World's Least Expensive PLCC Flash Writer

To program the Atmel AT49BV512 (or similar) flash chip, all you need is an Intel PRO/100 NIC with a boot prom socket, and the fboot utility from Intel. If you're not in the mood for a story, you can skip to the end for details.

The Problem

I bought a 3.5" IDE Firewire/USB2.0 enclosure (below) from, and I was pretty pleased with it. It was some taiwanese no-name thing with a Prolific firewire/usb chipset. I put an 80G drive in it, ripped my CDs to it, shared it to the Audiotron, and life was good...

But then I decided to get another one. And it would not work with the first - only one could be connected to the bus at the same time. Turns out this is because both devices have the same GUID, which is supposed to be globally unique. With two of the same GUID on the bus, they can't both be identified. Since this thing didn't have the greatest support (no brand name as far as I can tell), I was on my own.

I see that prolific now has "firmware updates" for some versions of this chipset (PL-3507) here. The changelog seems to indicate that they have resolved the issue:

02/24/2003 -
        1. Fix the problem of 'Unique ID with 1394 Serial No.'
            For two or more same PL-3507 IDE device on the same 1394 bus, the EUID64 should be unique.
            The 1394 Serial No. is now used in the EEPROM to construct the unique EUID64 bytes (64bits = 8 bytes).
            bytes #0 ~2 : Company ID (00 50 77 for Prolific)
            bytes #3      : Device Type (HD/CD-ROM/DVD/MO...)
            bytes #4~7 : 1394 Serial No. (modified by PL3507 EEPROM Writor)
SO that might be a -supported- way around the problem. Not NEARLY as much fun though!
So anyway...

A little research...

Undaunted, I cracked open the enclosure again for a closer look. Armed with the PDF specsheet for the Prolific chip, I realized that the socketed chip on the interface board was probably programmed with the GUID. The chip in the socket is an Atmel AT49BV512, and a little bit of googling around led me to the etherboot page, where I learned that these same chips are used for boot proms on Intel epro100 NICs.

An idea!

Hm... so how do we program it? Turns out that Intel has DOS utilities to read and write the boot proms on these cards in situ. Woohoo!

So, off to the computer surplus store to find a NIC with a socket on it.

Found one for a whopping $2.50 and brought it home. Made a DOS 6.22 boot floppy from, used cabextract to unpack the utilities I got from Intel, and copied them to the disk.


To transplant the chip, I should have used a plcc extractor tool. Instead, I used a bent paper clip, and very nearly destroyed the chip. It did survive the transplant, though, and after stuffing it into the socket on the NIC, I put the NIC in my pc and booted the DOS disk with the Intel utilities.

Trial and error

The first utility I tried was IBAUtil.exe, part of the proboot.exe package I found at Intel's web site. It let me save off the existing "boot image" to a file using ibautil.exe -save. Then I used ghex to look at the image. Searching for the full GUID (0050770e00071002) yielded no results, but looking for just the last part, '071002' turned up a hit. I edited this to '071003', and copied the image back to the floppy. Typed ibautil.exe -restore and... no luck! Argh! Some sort of checking in the utility decided that this was not a boot rom image. Argh! And t make matters worse, I had already overwritten the chip with a bona-fide boot rom image by mistake.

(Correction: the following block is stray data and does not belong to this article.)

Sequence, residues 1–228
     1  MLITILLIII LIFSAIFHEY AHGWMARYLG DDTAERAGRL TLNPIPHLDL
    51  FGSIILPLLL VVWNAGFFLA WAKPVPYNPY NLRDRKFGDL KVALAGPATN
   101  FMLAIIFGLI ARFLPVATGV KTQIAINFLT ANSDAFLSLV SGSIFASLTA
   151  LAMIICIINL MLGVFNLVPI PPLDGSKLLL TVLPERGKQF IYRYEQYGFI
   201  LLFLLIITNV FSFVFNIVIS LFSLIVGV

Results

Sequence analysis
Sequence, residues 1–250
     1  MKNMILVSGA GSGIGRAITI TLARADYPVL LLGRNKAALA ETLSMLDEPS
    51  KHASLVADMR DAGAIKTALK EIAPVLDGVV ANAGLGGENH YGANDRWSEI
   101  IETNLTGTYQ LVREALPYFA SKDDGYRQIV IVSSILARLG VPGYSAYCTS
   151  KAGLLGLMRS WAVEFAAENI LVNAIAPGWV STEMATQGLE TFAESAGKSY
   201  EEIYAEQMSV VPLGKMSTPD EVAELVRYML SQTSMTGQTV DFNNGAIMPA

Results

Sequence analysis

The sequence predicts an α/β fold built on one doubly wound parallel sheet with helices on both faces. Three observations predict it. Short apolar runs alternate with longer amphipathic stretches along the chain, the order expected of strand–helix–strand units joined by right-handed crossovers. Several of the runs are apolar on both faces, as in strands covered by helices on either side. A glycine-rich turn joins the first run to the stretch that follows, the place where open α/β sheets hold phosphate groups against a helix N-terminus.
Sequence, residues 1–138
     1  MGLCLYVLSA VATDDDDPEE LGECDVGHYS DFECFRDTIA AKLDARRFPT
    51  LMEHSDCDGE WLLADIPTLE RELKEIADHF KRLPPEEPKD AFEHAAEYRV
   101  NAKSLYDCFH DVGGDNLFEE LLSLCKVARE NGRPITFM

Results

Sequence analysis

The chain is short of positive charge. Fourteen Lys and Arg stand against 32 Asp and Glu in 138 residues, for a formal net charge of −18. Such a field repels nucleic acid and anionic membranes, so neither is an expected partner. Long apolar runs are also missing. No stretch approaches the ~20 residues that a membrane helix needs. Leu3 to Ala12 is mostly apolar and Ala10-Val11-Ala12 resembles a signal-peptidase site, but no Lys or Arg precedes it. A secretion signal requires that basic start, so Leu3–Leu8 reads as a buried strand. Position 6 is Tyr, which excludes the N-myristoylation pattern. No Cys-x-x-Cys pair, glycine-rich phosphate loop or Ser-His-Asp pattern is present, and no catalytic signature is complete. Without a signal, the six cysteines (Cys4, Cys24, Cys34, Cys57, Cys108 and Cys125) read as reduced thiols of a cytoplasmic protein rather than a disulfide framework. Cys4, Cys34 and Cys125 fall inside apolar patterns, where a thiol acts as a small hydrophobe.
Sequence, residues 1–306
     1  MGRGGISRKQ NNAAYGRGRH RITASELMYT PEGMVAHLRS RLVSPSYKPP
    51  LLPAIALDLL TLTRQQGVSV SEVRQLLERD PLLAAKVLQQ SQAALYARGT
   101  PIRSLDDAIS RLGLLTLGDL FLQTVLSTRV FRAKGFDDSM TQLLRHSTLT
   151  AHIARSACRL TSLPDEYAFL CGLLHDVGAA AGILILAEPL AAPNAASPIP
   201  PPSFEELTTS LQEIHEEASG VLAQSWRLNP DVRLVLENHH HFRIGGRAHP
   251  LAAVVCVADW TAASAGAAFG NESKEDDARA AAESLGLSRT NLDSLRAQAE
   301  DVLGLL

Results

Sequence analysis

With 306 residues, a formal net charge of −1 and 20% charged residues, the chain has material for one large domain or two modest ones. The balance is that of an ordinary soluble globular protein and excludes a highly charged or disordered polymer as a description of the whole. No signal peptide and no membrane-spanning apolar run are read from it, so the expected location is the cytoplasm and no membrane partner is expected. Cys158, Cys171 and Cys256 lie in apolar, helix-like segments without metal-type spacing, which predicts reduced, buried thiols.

Well, we can't give up now, certainly.


I tried another utility, this one was fboot.exe from the proutil.exe package, also extracted with cabextract. This one let me restore my previously saved image. I popped the chip back out of the socket, stuffed it in the firewire enclosure, hooked it up, took a deep breath, and.... yes! It worked!

[root@sandeen]# grep GUID /proc/bus/ieee1394/devices 
Node[01:1023]  GUID[0050770e00071002]:
Node[02:1023]  GUID[001106664000390d]:
Node[00:1023]  GUID[0050770e00071003]:

There are my two devices, with unique GUIDs. And it didn't take an $800 flash programmer to do it.


So, to program this type of chip, all you need is a e100 NIC with a boot prom socket, and the fboot utility from Intel. When you use fboot to save the image, it names the file based on the macid of the card - this seems to be the only requirement for being able to write data back to the chip - it needs to be in a file named in this way. Use the save feature to discover the magic filename, and put your data in a file of the same name. Then use the restore feature to program your data into the chip. Apparently the image file can contain any data you like, so in this way you can program these chips with very inexpensive hardware!

The fboot readme indicates that this should work for any of the following chips:

-------     ---------
AMD         28F020
ATMEL       AT49BV512
ATMEL       AT29LV512
ATMEL       AT49LV010
ATMEL       AT49LV020
ATMEL       AT49LV040
ATMEL       AT49LV001N
CATALYST    28F256
CATALYST    28F512
CATALYST    28F010
CATALYST    28F020
INTEL       28F010
INTEL       28F020
SGS         28F512
SST         29LE512
SST         39SF512
SST         39VF512
SST         39VF010
SST         39VF020
ST MICRO    28F512
ST MICRO    29W512B
Not bad for $2.50!